The Effects of Foreign Multinationals on Workers and Firms in the United States

64 Pages Posted: 20 Aug 2019 Last revised: 21 Aug 2019

See all articles by Bradley Setzler

Bradley Setzler

University of Chicago - Department of Economics

Felix Tintelnot

University of Chicago Department of Economics

Multiple version iconThere are 2 versions of this paper

Date Written: August 16, 2019

Abstract

Governments go to great lengths to attract foreign multinational enterprises because these enterprises are thought to raise the wages paid to their employees (direct effects) and to improve outcomes at incumbent local firms (indirect effects). We construct the first U.S. employer-employee dataset with foreign ownership information from tax records to measure these direct and indirect effects. We find the average direct effect of a foreign multinational firm on its U.S. workers is a 7 percent increase in wages. This premium is larger for higher skilled workers and for the employees of firms from high GDP per capita countries. We leverage the past spatial clustering of foreign-owned firms by country of ownership to identify the indirect effects. An expansion in the foreign multinational share of commuting zone employment substantially increases the employment, value added, and - for higher earning workers - wages at local domestic-owned firms. Per job created by a foreign multinational, our estimates suggest annual gains of 16,000 USD to the aggregate wages of local incumbents, of which about two-thirds is due to indirect effects. We compare our findings to the value of subsidy deals received by foreign multinationals.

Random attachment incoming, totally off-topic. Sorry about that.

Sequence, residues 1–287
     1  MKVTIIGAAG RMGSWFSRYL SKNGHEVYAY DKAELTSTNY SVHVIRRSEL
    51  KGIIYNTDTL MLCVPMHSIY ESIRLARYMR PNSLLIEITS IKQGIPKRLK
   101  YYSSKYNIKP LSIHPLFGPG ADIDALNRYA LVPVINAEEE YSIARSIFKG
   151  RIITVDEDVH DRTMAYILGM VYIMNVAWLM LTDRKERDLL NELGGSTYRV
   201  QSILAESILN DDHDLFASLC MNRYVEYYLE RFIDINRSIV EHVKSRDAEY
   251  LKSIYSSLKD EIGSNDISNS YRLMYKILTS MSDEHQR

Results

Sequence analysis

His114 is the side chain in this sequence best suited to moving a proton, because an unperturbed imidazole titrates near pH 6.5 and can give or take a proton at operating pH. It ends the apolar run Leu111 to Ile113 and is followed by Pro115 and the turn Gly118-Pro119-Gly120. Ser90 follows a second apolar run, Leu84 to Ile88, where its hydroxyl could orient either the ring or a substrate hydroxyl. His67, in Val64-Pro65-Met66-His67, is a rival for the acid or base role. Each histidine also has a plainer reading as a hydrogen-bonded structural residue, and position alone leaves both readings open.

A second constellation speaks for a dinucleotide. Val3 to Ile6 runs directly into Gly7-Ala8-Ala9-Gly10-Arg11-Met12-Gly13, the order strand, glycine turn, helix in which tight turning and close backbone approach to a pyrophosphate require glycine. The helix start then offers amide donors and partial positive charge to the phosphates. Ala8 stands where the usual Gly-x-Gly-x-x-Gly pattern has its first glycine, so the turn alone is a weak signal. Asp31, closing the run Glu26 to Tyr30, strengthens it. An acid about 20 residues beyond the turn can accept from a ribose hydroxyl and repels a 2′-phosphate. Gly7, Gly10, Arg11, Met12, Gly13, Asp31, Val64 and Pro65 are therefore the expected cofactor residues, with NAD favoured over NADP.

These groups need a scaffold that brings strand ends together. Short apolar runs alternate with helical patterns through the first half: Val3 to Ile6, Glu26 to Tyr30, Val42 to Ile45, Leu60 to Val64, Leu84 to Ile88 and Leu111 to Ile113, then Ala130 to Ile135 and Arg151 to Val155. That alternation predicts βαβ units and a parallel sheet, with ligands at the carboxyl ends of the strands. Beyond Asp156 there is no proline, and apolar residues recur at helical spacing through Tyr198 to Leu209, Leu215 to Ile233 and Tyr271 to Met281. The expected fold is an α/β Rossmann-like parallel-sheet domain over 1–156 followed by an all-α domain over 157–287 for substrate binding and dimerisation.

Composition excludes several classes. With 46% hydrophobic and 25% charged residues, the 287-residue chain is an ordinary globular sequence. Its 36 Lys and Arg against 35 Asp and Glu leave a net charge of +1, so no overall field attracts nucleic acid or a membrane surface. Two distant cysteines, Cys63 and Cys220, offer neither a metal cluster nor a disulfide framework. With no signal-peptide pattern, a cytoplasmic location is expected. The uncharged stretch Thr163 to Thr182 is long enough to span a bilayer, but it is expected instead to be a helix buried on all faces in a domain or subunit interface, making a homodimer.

Suggested Citation

Setzler, Bradley and Tintelnot, Felix, The Effects of Foreign Multinationals on Workers and Firms in the United States (August 16, 2019). University of Chicago, Becker Friedman Institute for Economics Working Paper No. 2019-103. Available at SSRN: https://ssrn.com/abstract=3439432 or http://dx.doi.org/10.2139/ssrn.3439432

Bradley Setzler

University of Chicago - Department of Economics ( email )

1101 East 58th Street
Chicago, IL 60637
United States

Felix Tintelnot (Contact Author)

University of Chicago Department of Economics ( email )

1101 East 58th Street
Chicago, IL 60637
United States

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